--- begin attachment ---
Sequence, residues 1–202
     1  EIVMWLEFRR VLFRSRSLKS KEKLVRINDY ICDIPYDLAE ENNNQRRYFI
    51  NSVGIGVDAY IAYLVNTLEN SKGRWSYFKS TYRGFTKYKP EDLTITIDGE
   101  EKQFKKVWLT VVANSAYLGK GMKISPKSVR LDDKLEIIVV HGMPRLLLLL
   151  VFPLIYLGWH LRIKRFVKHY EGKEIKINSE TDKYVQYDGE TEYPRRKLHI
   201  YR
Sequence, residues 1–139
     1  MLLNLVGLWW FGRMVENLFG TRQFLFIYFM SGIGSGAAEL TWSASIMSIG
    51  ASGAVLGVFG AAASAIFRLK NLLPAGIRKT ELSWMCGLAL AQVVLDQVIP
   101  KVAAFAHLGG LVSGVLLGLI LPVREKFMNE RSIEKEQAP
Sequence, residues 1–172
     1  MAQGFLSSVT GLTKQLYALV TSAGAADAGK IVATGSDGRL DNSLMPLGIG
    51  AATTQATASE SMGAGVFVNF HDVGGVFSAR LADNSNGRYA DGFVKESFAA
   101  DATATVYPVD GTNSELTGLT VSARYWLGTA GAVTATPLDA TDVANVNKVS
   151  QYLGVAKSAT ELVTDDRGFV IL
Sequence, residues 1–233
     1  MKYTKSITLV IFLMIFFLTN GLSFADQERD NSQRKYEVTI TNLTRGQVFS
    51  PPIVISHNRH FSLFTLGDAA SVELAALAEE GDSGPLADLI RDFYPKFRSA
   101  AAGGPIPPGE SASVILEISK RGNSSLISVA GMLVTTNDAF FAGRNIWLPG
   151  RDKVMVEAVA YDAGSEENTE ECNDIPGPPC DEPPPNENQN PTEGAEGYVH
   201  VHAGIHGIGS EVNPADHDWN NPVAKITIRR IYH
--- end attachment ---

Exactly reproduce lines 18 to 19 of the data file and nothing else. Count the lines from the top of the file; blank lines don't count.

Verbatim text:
    51  PPIVISHNRH FSLFTLGDAA SVELAALAEE GDSGPLADLI RDFYPKFRSA
   101  AAGGPIPPGE SASVILEISK RGNSSLISVA GMLVTTNDAF FAGRNIWLPG